Critical 20: No. 15 Baylen Brown

Like any football team, Texas Tech has several players whose performance will be particularly critical to the squad's success. These players, whether by virtue of experience, leadership, importance of the position played, depth concerns, or sheer talent, are especially crucial. They may or not be the best players on the club, but they would be very conspicuous were they absent for any reason.

Perhaps the best way to conceive of the critical players is to determine if they are the performers the team could least afford to lose.

With this series, we will take a reverse order look at the Red Raider football players we consider most invaluable.

Texas Tech Critical Twenty
Gary MooreDERS FRClarksville, TX6-5245No. 20
Rodney HallRBSRAngleton, TX5-10240No. 19
Donte PhillipsDLJRMilwaukee, WI6-2280No. 18
DeAndre WashingtonRBJRMissouri City, TX5-8190No. 17
Bradley MarquezWRSROdessa, TX5-11200No. 16
Baylen BrownOLSOSan Antonio, TX6-4305No. 15

How on earth could a backup guard by the 15th most critical player on a football team? Well don't let the depth chart fool ya'.

When Texas Tech's post-spring depth chart was released, more than a few eyebrows arched upon seeing Trey Keenan rather than Baylen Brown listed as the starter at right guard. After all, Brown had a pretty darned good first year in Lubbock.

As a true freshman, he played in 11 games and started the final three. What's more, in those final three games Brown was easily one of the top performers on the offensive line. By all indications, Brown was headed for an All Big 12 career. At the very least. And now Brown finds himself a second-teamer behind a fellow sophomore.

In the three public scrimmages, was there any indication that Brown had regressed? Not really. Did Trey Keenan turn into instant Larry Allen? Not that I could tell. So what's the score?

To begin with, post-spring depth charts mean absolutely nothing in relation to who will actually start and who will play in the season-opener. By definition, a depth chart created some four and a half months before the first game is open to dramatic revision. And because it is hardly set in stone, the coaches can wipe the slate clean in August and roll onto the field with an entirely different set of starters and backups (not to mention players playing different positions and Brown saw some time at center during the spring) when it's time to tee it up in earnest.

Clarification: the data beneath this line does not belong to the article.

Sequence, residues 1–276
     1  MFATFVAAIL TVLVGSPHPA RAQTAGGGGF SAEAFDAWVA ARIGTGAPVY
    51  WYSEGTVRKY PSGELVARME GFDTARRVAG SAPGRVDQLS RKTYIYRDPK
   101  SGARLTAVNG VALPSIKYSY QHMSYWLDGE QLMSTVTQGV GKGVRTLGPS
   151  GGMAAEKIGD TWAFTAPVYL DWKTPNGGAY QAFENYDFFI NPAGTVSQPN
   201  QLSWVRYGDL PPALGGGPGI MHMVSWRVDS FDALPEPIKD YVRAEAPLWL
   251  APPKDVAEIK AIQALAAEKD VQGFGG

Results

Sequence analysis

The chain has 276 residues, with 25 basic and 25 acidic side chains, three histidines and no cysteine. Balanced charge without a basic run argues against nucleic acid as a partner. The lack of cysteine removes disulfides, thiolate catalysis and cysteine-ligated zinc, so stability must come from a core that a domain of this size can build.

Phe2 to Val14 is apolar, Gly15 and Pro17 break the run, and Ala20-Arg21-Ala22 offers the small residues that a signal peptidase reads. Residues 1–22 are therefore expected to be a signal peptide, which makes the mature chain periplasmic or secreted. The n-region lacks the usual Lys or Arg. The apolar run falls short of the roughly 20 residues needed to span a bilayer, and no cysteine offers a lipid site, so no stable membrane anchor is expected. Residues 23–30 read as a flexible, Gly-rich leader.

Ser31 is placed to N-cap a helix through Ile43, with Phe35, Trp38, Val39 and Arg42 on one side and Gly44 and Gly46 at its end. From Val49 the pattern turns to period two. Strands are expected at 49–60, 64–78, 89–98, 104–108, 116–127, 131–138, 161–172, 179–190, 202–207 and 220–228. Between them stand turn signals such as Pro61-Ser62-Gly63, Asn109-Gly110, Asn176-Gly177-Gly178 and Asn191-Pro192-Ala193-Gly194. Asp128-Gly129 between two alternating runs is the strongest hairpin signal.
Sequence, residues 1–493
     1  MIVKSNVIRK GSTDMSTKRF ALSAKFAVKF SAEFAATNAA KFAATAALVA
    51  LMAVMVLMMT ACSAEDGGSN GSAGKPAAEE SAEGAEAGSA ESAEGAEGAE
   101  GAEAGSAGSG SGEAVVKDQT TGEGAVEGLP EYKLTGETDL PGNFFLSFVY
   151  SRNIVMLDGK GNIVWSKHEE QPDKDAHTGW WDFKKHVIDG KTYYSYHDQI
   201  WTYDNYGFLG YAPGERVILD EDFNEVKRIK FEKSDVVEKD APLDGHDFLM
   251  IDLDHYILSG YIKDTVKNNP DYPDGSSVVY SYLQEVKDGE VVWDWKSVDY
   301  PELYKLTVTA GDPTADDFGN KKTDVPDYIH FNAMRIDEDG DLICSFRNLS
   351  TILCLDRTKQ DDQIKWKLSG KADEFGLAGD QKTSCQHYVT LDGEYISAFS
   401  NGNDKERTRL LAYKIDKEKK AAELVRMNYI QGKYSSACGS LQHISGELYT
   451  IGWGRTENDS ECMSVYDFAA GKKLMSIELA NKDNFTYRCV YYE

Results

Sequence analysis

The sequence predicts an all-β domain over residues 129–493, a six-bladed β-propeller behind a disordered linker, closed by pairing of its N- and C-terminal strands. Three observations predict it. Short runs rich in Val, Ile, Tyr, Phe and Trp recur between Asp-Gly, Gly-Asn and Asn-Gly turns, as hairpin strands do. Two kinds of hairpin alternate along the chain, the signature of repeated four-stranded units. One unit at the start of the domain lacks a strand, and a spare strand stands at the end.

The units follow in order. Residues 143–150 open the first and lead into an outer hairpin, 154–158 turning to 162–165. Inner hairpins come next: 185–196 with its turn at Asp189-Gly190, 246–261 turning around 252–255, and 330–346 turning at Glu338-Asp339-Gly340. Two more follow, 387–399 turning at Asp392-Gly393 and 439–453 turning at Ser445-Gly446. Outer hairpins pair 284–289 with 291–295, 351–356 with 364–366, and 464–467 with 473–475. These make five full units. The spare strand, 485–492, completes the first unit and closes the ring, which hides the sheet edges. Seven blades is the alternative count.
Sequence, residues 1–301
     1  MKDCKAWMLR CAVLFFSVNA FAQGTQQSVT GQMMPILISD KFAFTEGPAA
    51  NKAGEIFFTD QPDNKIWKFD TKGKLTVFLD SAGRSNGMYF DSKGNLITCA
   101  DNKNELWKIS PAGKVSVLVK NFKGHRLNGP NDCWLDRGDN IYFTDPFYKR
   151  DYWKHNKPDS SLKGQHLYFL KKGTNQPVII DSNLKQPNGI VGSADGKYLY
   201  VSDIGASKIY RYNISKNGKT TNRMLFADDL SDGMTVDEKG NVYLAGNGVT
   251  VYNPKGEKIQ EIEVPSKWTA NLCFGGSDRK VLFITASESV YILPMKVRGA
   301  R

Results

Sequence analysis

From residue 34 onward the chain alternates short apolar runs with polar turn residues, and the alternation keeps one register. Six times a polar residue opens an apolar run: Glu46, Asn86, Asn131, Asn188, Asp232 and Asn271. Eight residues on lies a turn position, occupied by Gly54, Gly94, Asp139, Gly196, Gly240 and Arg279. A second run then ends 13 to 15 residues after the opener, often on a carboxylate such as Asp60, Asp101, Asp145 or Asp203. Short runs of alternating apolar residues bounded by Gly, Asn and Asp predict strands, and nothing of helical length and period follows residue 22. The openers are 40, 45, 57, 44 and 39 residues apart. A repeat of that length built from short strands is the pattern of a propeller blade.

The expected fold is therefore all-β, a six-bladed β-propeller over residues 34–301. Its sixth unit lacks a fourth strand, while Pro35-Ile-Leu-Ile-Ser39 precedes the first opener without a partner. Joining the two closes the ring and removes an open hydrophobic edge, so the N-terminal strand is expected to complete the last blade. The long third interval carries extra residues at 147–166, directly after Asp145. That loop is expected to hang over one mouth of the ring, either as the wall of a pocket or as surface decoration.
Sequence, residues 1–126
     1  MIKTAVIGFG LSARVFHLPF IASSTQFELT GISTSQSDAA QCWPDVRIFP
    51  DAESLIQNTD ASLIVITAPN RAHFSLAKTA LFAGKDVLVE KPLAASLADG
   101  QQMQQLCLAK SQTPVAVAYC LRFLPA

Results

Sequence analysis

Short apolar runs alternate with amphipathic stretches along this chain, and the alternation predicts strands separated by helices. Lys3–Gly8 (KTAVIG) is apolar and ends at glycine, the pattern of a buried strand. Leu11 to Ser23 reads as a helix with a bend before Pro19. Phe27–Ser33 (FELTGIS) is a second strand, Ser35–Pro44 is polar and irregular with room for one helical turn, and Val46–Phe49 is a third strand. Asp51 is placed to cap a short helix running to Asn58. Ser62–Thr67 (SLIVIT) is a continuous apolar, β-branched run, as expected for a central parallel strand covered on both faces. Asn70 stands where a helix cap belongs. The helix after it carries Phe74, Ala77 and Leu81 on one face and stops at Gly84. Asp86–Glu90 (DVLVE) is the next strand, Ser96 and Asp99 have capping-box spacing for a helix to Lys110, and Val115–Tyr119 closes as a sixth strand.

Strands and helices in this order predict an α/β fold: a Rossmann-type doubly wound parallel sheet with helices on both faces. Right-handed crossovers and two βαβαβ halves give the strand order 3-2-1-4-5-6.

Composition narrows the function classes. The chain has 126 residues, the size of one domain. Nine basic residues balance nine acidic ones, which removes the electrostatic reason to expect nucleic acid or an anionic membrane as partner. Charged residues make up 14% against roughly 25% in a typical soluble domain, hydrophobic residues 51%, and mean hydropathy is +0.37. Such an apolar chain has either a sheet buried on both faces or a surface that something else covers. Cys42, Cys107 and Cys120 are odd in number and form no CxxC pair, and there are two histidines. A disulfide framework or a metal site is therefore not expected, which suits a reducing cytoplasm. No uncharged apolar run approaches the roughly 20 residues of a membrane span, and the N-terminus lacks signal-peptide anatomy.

With regard to Baylen Brown, the demotion smacks of a motivational tool. Kliff Kingsbury and Lee Hays (Tech's offensive line coach) know that Brown is a very talented player, and they want him to maximize his potential. And to maximize one's potential, it is important that a player give supreme effort on each and every down. The demotion will compel Brown to do just that.

Brown also missed the beginning of spring ball with shoulder tendinitis, so that could have something to do with it as well.

Then there's another factor to consider. Trey Keenan came to Tech a highly regarded recruit, and there's no doubt he will be a strong contributor and quite possibly a starter during his collegiate career. But as of the present, he is listed at 6-foot-6 and 270 pounds. To put it lightly—so to speak—that is not the ideal frame for a power conference guard. Let alone is it the sort of bulk you'd expect to see at guard on a team that is working to strengthen its rushing attack.

Keenan's rangy frame, long arms and quickness will help in blitz pickups and pass protection in general, but one doubts it would be worth the presumed liability in the ground game, particularly when Baylen Brown seemed to do just fine in pass protection last season.

Keenan will be a valuable rotation guy in 2014, but look for Brown to get back into the starting lineup and establish himself as one of the best young offensive linemen in the Big 12.

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